Tater Trot Tracker: August 15

New St. Louis Cardinals catcher Steven Hill watches as the baseball leaves the park for a solo home run in the ninth inning against the Chicago Cubs at Busch Stadium in St. Louis on August 15, 2010. Hill was brought up from the Cardinals AA team and is playing in his first Major League game as St. Louis lost the game 9-7.  UPI/Bill Greenblatt Photo via Newscom

Home Run of the Day: Steve Hill, St. Louis Cardinals (Trot Time: 21.82 seconds) [video]

What do you do if you’re playing in your first career game at the big league level in front of the home fans against your biggest rival? Well, if you’re Steve Hill of the St. Louis Cardinals, you hit a ninth-inning, opposite-field home run to register your first career hit (in only your second career at-bat). Ultimately, the Cards lost the game, but with Hill’s home run leading off the ninth and the being the first of a five-run inning, it looked to be something special. There’s no doubt it was special to Hill, though (whose swing isn’t exactly a mirror image of Prince Albert’s).


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Slowest Trot: Ryan Zimmerman, Washington Nationals – 26.7 seconds [video]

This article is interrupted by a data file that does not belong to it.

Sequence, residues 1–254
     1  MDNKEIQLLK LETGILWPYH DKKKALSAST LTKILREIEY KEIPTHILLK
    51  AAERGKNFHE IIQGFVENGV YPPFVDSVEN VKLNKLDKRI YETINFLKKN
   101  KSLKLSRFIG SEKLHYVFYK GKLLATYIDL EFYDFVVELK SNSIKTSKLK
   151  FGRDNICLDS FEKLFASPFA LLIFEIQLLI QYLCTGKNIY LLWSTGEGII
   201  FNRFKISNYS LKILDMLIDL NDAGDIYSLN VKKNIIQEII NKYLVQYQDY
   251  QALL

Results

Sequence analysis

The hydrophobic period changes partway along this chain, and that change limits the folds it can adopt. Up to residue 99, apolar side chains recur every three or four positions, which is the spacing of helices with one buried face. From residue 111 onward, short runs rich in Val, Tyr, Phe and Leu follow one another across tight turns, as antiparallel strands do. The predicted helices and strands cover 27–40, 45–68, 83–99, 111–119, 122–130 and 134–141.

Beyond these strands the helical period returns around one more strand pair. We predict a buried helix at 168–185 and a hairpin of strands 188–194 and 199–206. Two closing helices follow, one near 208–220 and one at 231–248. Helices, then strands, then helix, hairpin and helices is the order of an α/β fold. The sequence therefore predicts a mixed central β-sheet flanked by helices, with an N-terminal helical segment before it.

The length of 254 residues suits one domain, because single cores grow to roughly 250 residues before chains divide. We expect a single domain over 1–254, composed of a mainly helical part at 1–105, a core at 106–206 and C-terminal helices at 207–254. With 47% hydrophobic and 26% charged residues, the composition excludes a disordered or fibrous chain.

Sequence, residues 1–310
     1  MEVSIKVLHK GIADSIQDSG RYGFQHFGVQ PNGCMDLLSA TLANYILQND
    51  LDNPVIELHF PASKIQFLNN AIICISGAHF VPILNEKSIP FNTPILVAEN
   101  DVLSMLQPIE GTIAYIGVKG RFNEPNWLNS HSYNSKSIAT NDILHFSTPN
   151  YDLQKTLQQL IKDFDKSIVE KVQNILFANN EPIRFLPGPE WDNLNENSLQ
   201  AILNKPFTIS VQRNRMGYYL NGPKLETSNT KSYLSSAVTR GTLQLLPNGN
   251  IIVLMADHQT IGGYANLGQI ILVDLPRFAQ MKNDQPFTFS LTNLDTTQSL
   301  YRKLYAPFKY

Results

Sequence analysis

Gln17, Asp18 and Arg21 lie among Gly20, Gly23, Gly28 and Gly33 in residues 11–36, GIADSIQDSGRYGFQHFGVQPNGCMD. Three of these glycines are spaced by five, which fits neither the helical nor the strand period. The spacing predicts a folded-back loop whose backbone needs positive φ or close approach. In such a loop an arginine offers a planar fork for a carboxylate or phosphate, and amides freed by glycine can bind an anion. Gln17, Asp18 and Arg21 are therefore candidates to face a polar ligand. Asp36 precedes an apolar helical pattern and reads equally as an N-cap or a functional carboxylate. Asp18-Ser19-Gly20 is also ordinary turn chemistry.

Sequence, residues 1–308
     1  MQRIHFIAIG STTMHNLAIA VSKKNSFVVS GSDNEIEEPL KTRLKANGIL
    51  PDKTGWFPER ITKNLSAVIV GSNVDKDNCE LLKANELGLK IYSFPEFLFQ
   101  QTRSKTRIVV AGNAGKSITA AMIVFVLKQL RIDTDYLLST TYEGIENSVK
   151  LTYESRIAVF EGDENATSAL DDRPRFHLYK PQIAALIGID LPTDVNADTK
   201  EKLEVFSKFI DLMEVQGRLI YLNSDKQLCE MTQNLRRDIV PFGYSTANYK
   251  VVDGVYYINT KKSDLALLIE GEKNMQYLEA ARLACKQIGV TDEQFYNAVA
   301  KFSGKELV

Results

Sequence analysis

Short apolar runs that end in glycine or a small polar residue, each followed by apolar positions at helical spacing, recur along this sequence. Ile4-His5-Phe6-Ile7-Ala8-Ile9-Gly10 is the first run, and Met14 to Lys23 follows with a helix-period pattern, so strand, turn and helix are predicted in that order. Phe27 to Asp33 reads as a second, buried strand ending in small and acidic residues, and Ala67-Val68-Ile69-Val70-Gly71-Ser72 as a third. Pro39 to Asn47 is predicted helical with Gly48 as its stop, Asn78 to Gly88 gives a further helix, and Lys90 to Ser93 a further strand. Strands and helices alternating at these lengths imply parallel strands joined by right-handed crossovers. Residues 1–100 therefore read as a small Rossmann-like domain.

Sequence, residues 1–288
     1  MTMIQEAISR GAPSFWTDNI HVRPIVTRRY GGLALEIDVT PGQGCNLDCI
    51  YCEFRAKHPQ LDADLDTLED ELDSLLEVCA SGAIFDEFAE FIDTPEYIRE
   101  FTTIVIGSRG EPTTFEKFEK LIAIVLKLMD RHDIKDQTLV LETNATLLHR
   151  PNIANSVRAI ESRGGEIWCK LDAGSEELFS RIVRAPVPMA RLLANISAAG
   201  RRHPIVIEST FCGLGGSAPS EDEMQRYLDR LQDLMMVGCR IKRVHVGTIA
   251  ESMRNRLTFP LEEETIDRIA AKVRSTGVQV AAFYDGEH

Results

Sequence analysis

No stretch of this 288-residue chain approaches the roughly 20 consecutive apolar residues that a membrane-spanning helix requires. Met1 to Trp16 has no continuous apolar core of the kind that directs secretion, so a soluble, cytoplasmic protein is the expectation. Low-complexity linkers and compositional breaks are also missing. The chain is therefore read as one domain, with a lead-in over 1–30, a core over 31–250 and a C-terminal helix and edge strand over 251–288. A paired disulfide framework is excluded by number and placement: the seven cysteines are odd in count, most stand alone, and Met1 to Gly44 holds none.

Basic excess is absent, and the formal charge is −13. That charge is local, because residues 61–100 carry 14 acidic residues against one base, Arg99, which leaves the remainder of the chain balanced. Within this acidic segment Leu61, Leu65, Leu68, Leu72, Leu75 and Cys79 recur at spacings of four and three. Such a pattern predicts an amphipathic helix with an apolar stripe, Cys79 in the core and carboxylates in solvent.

Derrek Lee seemed to be a shoe-in for this honor when he ran his second homer of the day out to a tune of 26.29 seconds. But Ryan Zimmerman was not to be outdone, crushing a ball into the left field seats and taking his sweet time admiring the flyball.


Quickest Trot: Michael Young, Texas Rangers – 17.98 seconds [video]

If there’s ever going to be a factor that I’ll have a hard time controlling for when I review the tater trot data, it’ll be how teammates standing around home plate waiting to congratulate the home run hitter slow down the runner. And I’m not talking about walkoffs – just your everyday, run-of-the-mill home run trot where the on-deck batter (or baserunners) huddle around the plate to high-five the hitter. This happens when the bases are full or empty, and it’s never consistent. And it’s a big reason Mike Young didn’t get a 17.0 second trot, as he had to slow considerably because three other Rangers were waiting to meet him at the plate. I guess we can’t complain about the 17.98 second trot he did get, though.

Larry Granillo

About Larry Granillo

Larry Granillo has been writing Wezen Ball since 2008 and has dealt with such touchy topics as Charlie Brown's baseball stats and Ferris Bueller's day off. In 2010, he got the bright idea to time every home run trot in baseball; he has been missing ever since.